The human LPL gene maps on chromosome 8p22 and consists of ten exons [10]. Human LPL protein is a noncovalent homodimer with a head-to-tail configuration. It exhibited two domains: a large N-terminal domain (amino acid residues 1–315) and a small C-terminal domain (amino acid residues 316–448) [11]. C-terminal domain promoted the formation and stability of the LPL homodimer [12, 13]. It also enhanced the expression of LPL activity, due to the fact that dissociation of LPL homodimer leaded to loss of activity [13]. Until now, 114 mutations in the LPL gene have been identified to induce chylomicronaemia, of which a majority of missense mutations cluster in the highly conservative exons 4, 5 and 6 [14]. Since all the attempts to characterize the 3-D structure of human LPL have failed so far, site-directed mutagenesis remains to be the primary resort for studying the genotype-phenotype spectrum of LPL. Nonetheless, the 3-D structure of the highly homologous pancreatic lipase has afforded some valuable hints [15].

LPL is predominantly synthesized by skeletal muscles, cardiac muscles and adipose tissues [16]. It is generally believed that LPL is secreted into the interstitial fluid and then transported across capillary endothelial cells and anchored on the lumen surface of capillaries with the assistance of GPIHBP1 [17]. LPL hydrolyzed triglyceride from circulating chylomicrons and very-low-density lipoprotein (VLDL), liberating free fatty acids for energetic metabolism or storage in adipose tissues [18]. Intravenous injection of heparin can strip LPL from the surface of endothelial cells so that the LPL activity can be measured [19].

In this study, we identified a Chinese family manifested by severe hypertriglyceridemia due to primary LPL deficiency. The proband turned out to be a heterozygous carrier for a novel missense T928C substitution (p.C310R) in exon 6 of the LPL gene, and another member of the family was found to be a compound heterozygote for the T928C and a A1187T mutation in exon 8(p.E396V). The effect of these mutations on LPL function was then examined in cell culture. By characterizing the two novel LPL mutations, we aimed to shed new insight on the pathogenesis of FHTG.


Laboratory data of heterozygous family members and treatment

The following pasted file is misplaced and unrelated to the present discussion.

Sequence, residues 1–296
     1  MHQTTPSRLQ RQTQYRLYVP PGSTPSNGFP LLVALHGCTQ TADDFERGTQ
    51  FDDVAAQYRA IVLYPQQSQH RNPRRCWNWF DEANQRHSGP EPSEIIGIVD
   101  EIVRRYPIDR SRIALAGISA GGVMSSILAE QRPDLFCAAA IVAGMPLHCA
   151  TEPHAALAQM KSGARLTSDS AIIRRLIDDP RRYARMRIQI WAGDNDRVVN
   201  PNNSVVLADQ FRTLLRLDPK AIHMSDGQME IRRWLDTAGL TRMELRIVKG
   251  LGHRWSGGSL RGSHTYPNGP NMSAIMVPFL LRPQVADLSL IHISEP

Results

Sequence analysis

The proband MJH’s response to treatment with lipid-lowering medications between 2014 and 2016 was illustrated in Figure 1. Plasma TG showed large fluctuations during that period. He exhibited extremely high concentrations of fasting triglyceride (23.97 mmol/L) on the occasion of our first evaluation, which was 12 times higher than the upper normal range. The levels of total cholesterol (TC), low-density lipoprotein (LDL-C), and high-density lipoprotein (HDL-C) were 8.30 mmol/L, 5.64 mmol/L, and 0.75 mmol/L (Table 1), respectively. After hospitalized, he was subjected to stringent low-fat diet, Chinese herb, and Fenofibrate (100 mg three times a day), as well as intensive insulin therapy (Aspart 12 IU was administrated three times a day before each meal, Glargine 20 IU was administrated before sleep), to achieve glucose and lipid metabolism balance (Figure 1). Upon administration of lipid-lowering medications, he exhibited a much-improved lipid profile with TG level as low as 1.33 mmol/L (Figure 1). Due to the lack of symptoms, he was refractory to stick to low-fat diet and antihyperlipidemic treatment. In consequence, he presented with a subsequent relapse of hypertriglyceridemia (TG: 6.67 mmol/L) combined with relatively low LDL (2.34 mmol/L) and HDL (0.8 mmol/L) six month after being discharged from hospital (Figure 1). Since then, his TG levels displayed a stepwise increased tendency because of discontinuation of antihyperlipidemic drugs. The following two evaluations of TG levels were 4.16 mmol/L and 10.65 mmol/L, respectively (Figure 1).